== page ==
It’s easy to get confused into thinking that Morgan’s Canon must be right because it is just a special case of the injunction to prefer the simplest theory among the candidates that are compatible with the data. Well, maybe it would be if it were, but it’s not. Here is how the confusion comes about. Step one is to take for granted that the ‘higher’ of two ‘psychical faculties’ is ipso facto the one that exploits the more powerful kinds of computation. (So, for example, solving problems by applying rules counts as a higher psychical faculty than solving them by rote because, whereas no problem can be solved by rote that can’t be solved by rule, some problems can be solved by rule that can’t be solved by rote.) Step two is to take for granted that, all else being equal, the simpler of two theories about the mental aetiology of a behaviour is the one that attributes it to the lower psychical faculty. If one supposes (as no doubt one should) that simplicity is a virtue, then Morgan’s Canon follows from these assumptions as a matter of logic.
But something has gone wrong here, surely. The game of tick-tack-toe has an entirely rote solution; one could simply memorise all the possible games: barring lapses of attention and the like, a player who did so would never lose. Yet that’s not the way I play tick-tack-toe. Nor would I consider programming a machine to play that way, since there are rule-based solutions that work equally well but take fewer computations to run and less memory to store. That being so, how could it follow from any general principle of scientific inference (such as the injunction to ‘prefer the simplest theory’) that, if I come across a friend (or a machine) playing tick-tack-toe, I’m required a priori to privilege the theory that he, she (or it) does so by rote?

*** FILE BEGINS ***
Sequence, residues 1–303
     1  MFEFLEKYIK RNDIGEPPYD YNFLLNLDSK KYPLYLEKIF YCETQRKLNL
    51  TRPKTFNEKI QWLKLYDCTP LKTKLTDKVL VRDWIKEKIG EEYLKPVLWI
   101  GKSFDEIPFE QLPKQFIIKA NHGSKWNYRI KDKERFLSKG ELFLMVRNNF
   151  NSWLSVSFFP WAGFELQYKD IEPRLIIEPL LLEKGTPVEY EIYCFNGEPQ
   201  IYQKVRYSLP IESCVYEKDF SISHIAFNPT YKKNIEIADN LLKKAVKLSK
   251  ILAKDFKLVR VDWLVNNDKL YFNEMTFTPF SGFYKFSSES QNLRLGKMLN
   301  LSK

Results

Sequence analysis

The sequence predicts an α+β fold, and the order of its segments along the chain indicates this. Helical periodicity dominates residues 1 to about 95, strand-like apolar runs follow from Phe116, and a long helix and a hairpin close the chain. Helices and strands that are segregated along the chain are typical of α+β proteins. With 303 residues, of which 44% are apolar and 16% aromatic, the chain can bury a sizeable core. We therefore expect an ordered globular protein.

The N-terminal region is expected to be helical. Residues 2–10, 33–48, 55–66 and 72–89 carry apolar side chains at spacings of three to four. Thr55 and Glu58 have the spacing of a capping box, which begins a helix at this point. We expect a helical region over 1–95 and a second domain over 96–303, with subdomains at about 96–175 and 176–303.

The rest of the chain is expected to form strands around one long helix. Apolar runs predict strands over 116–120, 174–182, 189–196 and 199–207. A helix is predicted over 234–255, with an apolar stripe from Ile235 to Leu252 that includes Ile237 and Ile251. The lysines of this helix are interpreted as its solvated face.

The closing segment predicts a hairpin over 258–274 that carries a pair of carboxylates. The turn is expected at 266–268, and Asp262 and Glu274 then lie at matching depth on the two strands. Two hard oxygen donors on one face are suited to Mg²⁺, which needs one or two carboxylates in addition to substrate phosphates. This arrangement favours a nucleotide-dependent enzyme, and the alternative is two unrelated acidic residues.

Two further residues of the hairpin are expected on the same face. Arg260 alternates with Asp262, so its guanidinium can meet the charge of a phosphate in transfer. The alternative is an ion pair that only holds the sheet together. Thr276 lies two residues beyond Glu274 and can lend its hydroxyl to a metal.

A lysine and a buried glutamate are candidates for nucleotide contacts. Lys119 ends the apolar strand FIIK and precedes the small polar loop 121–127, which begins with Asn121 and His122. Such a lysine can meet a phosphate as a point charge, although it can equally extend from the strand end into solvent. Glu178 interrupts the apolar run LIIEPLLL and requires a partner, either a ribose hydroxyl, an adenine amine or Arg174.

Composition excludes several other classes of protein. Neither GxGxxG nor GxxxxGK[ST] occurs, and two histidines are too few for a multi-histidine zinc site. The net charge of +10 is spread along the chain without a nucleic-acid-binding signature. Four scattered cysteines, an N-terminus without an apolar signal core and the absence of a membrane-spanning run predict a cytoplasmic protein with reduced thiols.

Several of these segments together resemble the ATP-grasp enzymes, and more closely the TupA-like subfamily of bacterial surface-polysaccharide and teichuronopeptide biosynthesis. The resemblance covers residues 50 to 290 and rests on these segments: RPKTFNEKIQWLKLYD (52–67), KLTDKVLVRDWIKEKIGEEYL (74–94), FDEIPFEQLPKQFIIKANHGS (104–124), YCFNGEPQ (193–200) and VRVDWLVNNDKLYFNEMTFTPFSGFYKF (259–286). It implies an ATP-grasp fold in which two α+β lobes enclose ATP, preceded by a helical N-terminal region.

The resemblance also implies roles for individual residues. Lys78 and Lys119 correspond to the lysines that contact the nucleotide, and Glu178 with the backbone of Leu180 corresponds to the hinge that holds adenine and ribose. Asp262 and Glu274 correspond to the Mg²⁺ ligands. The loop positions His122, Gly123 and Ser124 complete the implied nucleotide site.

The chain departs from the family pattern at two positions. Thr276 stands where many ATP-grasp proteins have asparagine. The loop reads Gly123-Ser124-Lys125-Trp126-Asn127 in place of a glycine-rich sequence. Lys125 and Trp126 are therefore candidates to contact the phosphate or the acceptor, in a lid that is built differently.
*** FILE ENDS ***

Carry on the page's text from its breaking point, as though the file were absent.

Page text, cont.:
Simplicity privileges the explanation that postulates the least elaborate causal mechanisms required to ‘save the appearances’. It therefore abhors Rube Goldberg machines. But Morgan’s Canon doesn’t follow from that, since it isn’t true that the ‘higher’ psychical faculties (the kinds that can perform the most powerful computations), are ipso facto the ones whose implementations are mechanically most complex. Nothing can compute with greater power than a Turing machine; but, as the computer scientist Joseph Weizenbaum once pointed out, all you need to make one of those is two kinds of pebble and an endless roll of lavatory paper. It sounds plausible, but it’s not true, that the simplicity of psychological theories varies with the computational power of the faculties that they postulate. Morgan just got this wrong.
Like so many behavioural scientists (especially cognitive neuropsychologists) Budiansky takes it for granted that ‘associative learning’ provides the anchor for Morgan’s Canon. Association is supposed to be intrinsically the simplest thesis about the mental aetiology of a behavioural capacity, and thus to provide the null hypothesis that an argument for animal minds would have to refute. Again and again, Budiansky’s tactic is to suggest about what seems to be an exercise of animal intelligence that it ‘is arguably nothing more than the product of associative learning’. Morgan’s Canon and ‘associative learning’ have taken in one another’s washing this way all through the history of modern psychology. But the jig is now up. Nobody knows whether there is such a thing as associative learning; or if there is, what it is, or whether it is simple, or what (if any) facts about cognition it could explain. Also, since nobody knows what ‘simple associative learning’ is, who knows what kind of neural circuits its implementation would require? Budiansky apparently thinks ‘neural networks’ might do the trick, but here his views are probably not consistent. He himself cites lots of examples where animal cognition appears to recruit mechanisms (for instance, timers and updatable memories in the case of navigation by dead reckoning) which, though of no great intrinsic complexity, are hard even to approximate with neural nets.
I guess there’s a moral: if you want to know how minds work, animal or otherwise, appeals to across-the-board methodological canons won’t get you far. Since none of the theories is methodologically privileged, there’s no short way with either the conceptual or the empirical issues; as I said before, you’ll simply have to go and look. Budiansky’s book isn’t a bad place to start. It’s full of interesting stuff and, for better or worse, it mirrors a lot of the muddles in the field. Read it, by all means; but, for heaven’s sake, don’t believe it.